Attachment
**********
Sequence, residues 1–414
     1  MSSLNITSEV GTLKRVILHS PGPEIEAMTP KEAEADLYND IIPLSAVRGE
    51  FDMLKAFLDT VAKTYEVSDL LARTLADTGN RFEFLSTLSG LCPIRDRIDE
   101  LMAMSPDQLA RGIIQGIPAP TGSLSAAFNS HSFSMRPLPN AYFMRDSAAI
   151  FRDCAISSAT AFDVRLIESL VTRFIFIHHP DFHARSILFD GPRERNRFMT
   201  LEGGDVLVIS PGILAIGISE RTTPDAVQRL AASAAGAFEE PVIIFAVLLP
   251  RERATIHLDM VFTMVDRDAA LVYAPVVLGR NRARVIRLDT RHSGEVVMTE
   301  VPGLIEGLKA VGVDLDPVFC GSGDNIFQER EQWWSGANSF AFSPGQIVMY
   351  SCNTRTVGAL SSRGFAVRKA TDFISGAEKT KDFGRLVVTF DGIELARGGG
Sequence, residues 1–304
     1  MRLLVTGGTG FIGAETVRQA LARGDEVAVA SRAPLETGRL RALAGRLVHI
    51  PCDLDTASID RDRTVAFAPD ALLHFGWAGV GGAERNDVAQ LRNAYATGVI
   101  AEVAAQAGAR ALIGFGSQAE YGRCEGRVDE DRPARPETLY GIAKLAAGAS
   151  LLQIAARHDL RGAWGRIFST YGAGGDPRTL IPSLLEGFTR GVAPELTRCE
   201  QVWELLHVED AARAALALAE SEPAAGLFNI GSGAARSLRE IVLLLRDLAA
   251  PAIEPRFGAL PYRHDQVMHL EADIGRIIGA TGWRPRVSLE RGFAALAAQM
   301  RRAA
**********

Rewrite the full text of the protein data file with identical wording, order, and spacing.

Sequence, residues 1–414
     1  MSSLNITSEV GTLKRVILHS PGPEIEAMTP KEAEADLYND IIPLSAVRGE
    51  FDMLKAFLDT VAKTYEVSDL LARTLADTGN RFEFLSTLSG LCPIRDRIDE
   101  LMAMSPDQLA RGIIQGIPAP TGSLSAAFNS HSFSMRPLPN AYFMRDSAAI
   151  FRDCAISSAT AFDVRLIESL VTRFIFIHHP DFHARSILFD GPRERNRFMT
   201  LEGGDVLVIS PGILAIGISE RTTPDAVQRL AASAAGAFEE PVIIFAVLLP
   251  RERATIHLDM VFTMVDRDAA LVYAPVVLGR NRARVIRLDT RHSGEVVMTE
   301  VPGLIEGLKA VGVDLDPVFC GSGDNIFQER EQWWSGANSF AFSPGQIVMY
   351  SCNTRTVGAL SSRGFAVRKA TDFISGAEKT KDFGRLVVTF DGIELARGGG
Sequence, residues 1–304
     1  MRLLVTGGTG FIGAETVRQA LARGDEVAVA SRAPLETGRL RALAGRLVHI
    51  PCDLDTASID RDRTVAFAPD ALLHFGWAGV GGAERNDVAQ LRNAYATGVI
   101  AEVAAQAGAR ALIGFGSQAE YGRCEGRVDE DRPARPETLY GIAKLAAGAS
   151  LLQIAARHDL RGAWGRIFST YGAGGDPRTL IPSLLEGFTR GVAPELTRCE
   201  QVWELLHVED AARAALALAE SEPAAGLFNI GSGAARSLRE IVLLLRDLAA
   251  PAIEPRFGAL PYRHDQVMHL EADIGRIIGA TGWRPRVSLE RGFAALAAQM
   301  RRAA